Thursday, September 15, 2016

Antitheses and Inevitable Appetite in Sonnet 129

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Sonnet 129 is thrown into the collection seemingly out of nowhere.  In a first reading of it, the words may come across as abrasive.  The poem’s brutal scrutiny of the lustful might also be a shock to readers who are familiar with Shakespeare’s references to the “Dark Lady.”  The reader may wonder at first if it is at all like any of Shakespeare's other sonnets.  However, after looking closer at this poem, it can be seen as less of a condemnation of lust than a collage of antithetical statements or feelings. The poet here expresses both the problems and virtues of lust – ultimately deciding on its inevitability.  Similar themes of desires that are eagerly sought, but turn out to be unfulfilling is actually common in Shakespeare’s poetry. 

There are many uses of form in the sonnet that might cause it to seem unique and perhaps more forward or abrupt than other sonnets.  Nearer the beginning of the poem, a number of lines start with more stressed syllables than is usual for iambic pentameter.  This is accompanied in some places with a use of lists that create stark images.  Line 4 is a good example of this. 
“Savage, extreme, rude, cruel, not to trust,” 
At first, this jarring use of short terms gives the reader a sense of distaste, as though the author wants us to abhor lustfulness and its effects.  However, the writer slowly goes from describing the terrible state of the lustful to contrasting the ideals of lust to the reality of it.  The poet uses words such as “heaven,” “bliss,” and “joy” in direct opposition to words such as “hell,” “mad,” and “woe.”  As this progression takes place, the stresses in the poem become more uniform in a way that might accompany the feeling of giving in.  James Harrison observed that “the words used to characterize the negative effects of lust become perceptibly weaker towards the end of the poem.”  This idea is interesting to note because in the final couplet, the poet turns on his assumed abhorrence and paints lust as inevitable - a conclusion the poem falls into naturally.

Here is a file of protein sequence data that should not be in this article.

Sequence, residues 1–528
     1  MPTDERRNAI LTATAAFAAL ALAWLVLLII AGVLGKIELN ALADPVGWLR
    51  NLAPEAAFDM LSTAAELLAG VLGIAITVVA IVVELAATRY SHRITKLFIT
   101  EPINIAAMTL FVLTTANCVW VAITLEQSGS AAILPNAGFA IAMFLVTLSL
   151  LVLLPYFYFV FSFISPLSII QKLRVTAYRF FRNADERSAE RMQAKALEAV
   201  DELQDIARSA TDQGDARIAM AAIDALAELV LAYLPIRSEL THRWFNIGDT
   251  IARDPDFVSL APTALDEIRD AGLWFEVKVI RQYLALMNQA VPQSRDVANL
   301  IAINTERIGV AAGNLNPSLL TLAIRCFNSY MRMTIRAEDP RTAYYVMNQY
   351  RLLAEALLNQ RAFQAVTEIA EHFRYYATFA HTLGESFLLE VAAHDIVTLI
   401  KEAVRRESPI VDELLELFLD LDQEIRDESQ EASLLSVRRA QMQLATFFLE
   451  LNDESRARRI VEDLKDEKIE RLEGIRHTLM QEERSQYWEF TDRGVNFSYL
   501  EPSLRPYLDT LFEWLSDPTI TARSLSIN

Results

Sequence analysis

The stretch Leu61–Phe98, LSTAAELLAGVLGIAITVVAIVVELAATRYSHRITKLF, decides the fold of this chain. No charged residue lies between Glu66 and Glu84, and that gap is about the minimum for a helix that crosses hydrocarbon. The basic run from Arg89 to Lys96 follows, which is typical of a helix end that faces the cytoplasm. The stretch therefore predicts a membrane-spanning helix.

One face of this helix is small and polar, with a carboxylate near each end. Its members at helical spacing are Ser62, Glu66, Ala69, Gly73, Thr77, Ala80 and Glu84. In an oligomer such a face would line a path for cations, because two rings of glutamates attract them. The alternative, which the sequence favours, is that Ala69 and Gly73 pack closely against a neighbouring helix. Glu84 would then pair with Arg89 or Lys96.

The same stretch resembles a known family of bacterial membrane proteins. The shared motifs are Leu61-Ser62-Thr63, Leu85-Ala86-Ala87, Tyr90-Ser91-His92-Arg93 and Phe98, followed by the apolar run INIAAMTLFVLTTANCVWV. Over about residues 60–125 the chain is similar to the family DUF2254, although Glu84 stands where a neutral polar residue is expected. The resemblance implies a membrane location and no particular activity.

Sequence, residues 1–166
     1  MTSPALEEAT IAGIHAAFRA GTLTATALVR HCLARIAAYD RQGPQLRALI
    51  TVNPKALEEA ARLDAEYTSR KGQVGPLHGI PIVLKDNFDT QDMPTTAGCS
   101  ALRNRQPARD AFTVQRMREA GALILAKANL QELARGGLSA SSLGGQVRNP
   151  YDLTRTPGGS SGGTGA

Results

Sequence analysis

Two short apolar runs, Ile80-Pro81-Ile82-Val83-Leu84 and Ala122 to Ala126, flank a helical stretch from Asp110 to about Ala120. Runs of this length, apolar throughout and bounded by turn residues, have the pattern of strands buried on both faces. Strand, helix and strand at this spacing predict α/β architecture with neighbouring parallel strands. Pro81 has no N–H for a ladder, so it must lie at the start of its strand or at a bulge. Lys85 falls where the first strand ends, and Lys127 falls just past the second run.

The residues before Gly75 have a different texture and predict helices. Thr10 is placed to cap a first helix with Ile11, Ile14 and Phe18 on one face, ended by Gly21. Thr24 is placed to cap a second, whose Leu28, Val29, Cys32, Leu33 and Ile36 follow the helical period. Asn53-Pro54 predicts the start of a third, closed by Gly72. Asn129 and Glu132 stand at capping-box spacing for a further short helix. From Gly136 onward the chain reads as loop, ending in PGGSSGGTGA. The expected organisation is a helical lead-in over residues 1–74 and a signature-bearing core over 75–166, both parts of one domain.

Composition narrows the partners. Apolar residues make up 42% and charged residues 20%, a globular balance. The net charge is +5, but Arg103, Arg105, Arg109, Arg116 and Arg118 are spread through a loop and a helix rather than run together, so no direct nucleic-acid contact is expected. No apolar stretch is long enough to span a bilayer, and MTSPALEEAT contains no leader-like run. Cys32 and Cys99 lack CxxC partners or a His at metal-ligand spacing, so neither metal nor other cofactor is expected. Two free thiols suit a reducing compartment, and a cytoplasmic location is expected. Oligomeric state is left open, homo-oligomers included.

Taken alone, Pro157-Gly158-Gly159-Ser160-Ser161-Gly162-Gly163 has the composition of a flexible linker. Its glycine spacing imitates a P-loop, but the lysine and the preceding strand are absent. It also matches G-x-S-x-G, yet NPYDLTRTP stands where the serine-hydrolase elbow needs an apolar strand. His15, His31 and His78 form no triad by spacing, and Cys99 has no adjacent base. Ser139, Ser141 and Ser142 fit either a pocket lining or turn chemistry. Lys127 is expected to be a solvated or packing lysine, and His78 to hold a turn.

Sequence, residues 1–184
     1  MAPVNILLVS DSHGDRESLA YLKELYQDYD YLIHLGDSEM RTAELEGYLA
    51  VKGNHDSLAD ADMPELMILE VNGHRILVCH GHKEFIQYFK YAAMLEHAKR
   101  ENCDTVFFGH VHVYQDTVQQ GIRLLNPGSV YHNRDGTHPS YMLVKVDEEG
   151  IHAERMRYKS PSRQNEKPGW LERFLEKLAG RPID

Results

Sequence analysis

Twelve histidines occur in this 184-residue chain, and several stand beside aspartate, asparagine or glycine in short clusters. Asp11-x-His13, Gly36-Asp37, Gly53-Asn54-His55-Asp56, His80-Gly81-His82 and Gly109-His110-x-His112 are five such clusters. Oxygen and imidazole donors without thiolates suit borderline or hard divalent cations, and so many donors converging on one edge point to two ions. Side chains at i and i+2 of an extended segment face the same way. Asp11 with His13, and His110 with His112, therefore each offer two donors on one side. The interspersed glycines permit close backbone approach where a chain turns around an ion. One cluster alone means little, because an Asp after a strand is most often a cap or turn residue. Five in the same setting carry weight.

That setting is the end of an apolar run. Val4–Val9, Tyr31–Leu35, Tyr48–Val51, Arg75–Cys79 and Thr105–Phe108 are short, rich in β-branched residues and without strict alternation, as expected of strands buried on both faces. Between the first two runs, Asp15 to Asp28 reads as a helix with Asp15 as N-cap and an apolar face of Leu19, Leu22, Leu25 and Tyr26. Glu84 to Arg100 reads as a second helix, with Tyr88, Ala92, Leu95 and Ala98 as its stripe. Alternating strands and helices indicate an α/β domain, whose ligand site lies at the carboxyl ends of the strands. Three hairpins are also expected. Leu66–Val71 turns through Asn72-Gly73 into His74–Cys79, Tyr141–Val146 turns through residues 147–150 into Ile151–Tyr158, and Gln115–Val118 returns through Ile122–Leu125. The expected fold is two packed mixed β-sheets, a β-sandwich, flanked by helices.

As the form and content of the poem establish, the poem is not just meant to condemn lust, but to contrast feelings against themselves - particularly those of expectation against reality and the idea that appetites will can truly be fulfilled nor avoided.  This is present in a number of his other sonnets, particularly Sonnet 118.  This sonnet, in line with others, is tinged with regret that is followed by an inability to escape the problem causing this regret.  It deals with ills or negative consequences that come from giving or chasing after appetite, whether concerning the stomach or sexual impulses.  Similarly,  Sonnet 129 may express regret about the “waste of shame” that is lust, but the narrator determines that no one seems to be able to escape this. Other poems that have similar themes or tones of regret or failure to control appetites might include 119, 121, 147, and 152.

This sonnet, although regretful, is not a repentant poem.  The narrator believes that the fault of falling into appetite is nearly impossible to avoid.  The writer is more inclined to mourn that heaven must be hell than to really try to change actions or behavior.  This is more clearly evident when comparing this poem to other poems and through analyzing the change in form over the course of the poem as well as the contrasts created in it.  In such a study, it is also better understood that this sonnet is not utterly unique in theme or form, but deals with ideas that are common in Shakespeare's works.

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